FAQ: Media Ownership
Why does it matter who owns the media?
Who owns the media makes a huge difference. Americans depend on television and newspapers to learn about the news, understand local and national issues, and make informed choices. Today, six corporations control most of what you see on television. One company has gobbled up more than 1,000 radio stations across the nation. And since 1975, two-thirds of all independently owned newspapers have disappeared. Fewer owners mean that fewer pipelines are available to distribute diverse viewpoints and fewer voices are getting a chance to be heard.
There are many reasons why it is important to have diverse ownership of local media, but consider just a few examples. Assume that one company is allowed to own the dominant newspaper and one or two of the main television stations in your town. What if the company decides it wants to save money and combine newsrooms? Maybe the owner is friends with the mayor. What if there is corruption at city hall? Who would be left to investigate it? If you do not care much for politics, then imagine the same example with weather coverage. Suppose a local area experiences several tornadoes in a short period, but there's only one or two weather crews covering all the storms in the area. How would that affect the coverage of the storms?
How did all this media consolidation get started?
Early communications policy started out strongly in favor of preserving and ensuring diverse sources of information. Through a series of actions that spanned until the 1970s, the Federal Communications Commission ? the government agency responsible for media policy ? adopted rules that restricted the number of media outlets one company could own. By the beginning of the 1980s, however, the Reagan Administration, the FCC and Congress embarked on a deregulatory approach and began chipping away at the protections that ensured media diversity.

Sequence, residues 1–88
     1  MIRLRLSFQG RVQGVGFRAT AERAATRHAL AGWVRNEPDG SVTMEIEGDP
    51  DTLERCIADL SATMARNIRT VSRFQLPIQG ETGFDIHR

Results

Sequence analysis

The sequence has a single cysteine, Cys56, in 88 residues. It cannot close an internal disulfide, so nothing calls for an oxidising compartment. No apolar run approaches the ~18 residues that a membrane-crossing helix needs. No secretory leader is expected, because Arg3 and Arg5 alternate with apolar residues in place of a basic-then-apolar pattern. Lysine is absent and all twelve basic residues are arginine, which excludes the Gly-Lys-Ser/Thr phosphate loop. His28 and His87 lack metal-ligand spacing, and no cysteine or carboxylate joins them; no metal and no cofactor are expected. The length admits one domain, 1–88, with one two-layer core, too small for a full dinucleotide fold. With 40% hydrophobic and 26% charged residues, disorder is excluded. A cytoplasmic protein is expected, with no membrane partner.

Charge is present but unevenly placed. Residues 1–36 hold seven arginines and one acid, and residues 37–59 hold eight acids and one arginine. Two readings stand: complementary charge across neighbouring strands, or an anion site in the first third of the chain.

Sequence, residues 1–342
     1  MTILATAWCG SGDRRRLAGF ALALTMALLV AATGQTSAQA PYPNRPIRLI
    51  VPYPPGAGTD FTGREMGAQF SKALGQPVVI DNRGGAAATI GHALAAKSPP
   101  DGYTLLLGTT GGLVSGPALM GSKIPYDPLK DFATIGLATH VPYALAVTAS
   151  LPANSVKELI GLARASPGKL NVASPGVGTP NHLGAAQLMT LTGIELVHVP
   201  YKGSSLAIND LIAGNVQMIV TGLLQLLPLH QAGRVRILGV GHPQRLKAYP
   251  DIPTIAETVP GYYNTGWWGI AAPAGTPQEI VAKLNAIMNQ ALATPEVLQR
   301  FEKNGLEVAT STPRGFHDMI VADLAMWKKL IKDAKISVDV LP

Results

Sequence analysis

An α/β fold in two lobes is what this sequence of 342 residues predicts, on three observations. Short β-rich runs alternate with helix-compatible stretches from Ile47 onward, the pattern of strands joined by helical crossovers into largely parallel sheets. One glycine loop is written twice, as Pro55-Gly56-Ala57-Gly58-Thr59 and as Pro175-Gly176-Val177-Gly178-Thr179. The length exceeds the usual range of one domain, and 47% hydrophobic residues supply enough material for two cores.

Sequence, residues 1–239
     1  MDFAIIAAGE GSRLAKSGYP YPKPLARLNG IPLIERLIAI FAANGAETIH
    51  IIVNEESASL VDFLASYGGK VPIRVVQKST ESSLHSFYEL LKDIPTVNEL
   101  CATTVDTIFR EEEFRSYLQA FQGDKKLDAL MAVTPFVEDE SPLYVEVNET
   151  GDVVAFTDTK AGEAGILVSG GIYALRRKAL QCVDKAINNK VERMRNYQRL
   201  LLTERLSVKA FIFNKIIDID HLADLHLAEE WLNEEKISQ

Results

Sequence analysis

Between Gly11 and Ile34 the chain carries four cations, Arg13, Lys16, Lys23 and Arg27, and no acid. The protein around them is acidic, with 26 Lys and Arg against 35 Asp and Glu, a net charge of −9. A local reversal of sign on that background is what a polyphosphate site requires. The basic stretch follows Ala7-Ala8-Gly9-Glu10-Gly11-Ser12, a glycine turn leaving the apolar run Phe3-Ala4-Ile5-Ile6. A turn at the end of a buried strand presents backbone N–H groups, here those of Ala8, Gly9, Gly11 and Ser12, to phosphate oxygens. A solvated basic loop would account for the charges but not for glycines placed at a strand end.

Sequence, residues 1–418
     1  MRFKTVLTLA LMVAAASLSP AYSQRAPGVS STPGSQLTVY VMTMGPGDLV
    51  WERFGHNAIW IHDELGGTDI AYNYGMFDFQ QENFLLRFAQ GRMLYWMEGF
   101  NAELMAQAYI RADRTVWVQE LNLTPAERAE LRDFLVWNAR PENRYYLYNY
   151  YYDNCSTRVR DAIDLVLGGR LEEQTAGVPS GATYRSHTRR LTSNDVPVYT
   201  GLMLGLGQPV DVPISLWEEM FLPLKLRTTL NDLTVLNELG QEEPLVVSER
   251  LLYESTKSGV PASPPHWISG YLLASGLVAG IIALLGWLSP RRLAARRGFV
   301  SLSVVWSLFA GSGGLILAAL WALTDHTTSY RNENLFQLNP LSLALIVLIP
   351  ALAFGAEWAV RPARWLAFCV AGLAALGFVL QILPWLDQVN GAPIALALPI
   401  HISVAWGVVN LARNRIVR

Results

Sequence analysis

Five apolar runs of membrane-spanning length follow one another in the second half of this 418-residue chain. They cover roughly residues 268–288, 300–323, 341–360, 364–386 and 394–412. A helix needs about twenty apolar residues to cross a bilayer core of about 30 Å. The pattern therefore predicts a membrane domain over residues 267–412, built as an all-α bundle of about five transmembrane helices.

What's going on with the current media ownership fight?
In June 2003, the FCC voted to overturn most of the few remaining restrictions still in place on big media corporations. Among other things, the new rules would have allowed one company to own three TV stations, eight radio stations, and the monopoly newspaper in a single market. These media ownership rules have been largely struck down by a federal court. Currently, the FCC is rewriting the rules to comply with the court order, but it is not clear when this process will be completed.
What's the problem if one media company creates the programming and also owns the media outlet the programs are shown on?
Vertical integration is another way of describing when one media giant both produces programming and owns the outlets or networks on which the programming (or movies, or music or whatever content) is distributed. This is happening throughout the media world. Today, movie studios own television production operations and the cable systems they are distributed on. These companies then use cross promotion and market power to limit their offerings to more of what they produce themselves.
What's the creative community think about this?
Vertical integration definitely makes life hard for the independent producers to get their content on the air. Also, it explains why there is so much of the same fare on television and cable channels. While it makes economic sense to run your own programming produced by your studio, many creative artists would say that it does not foster creativity or competition.
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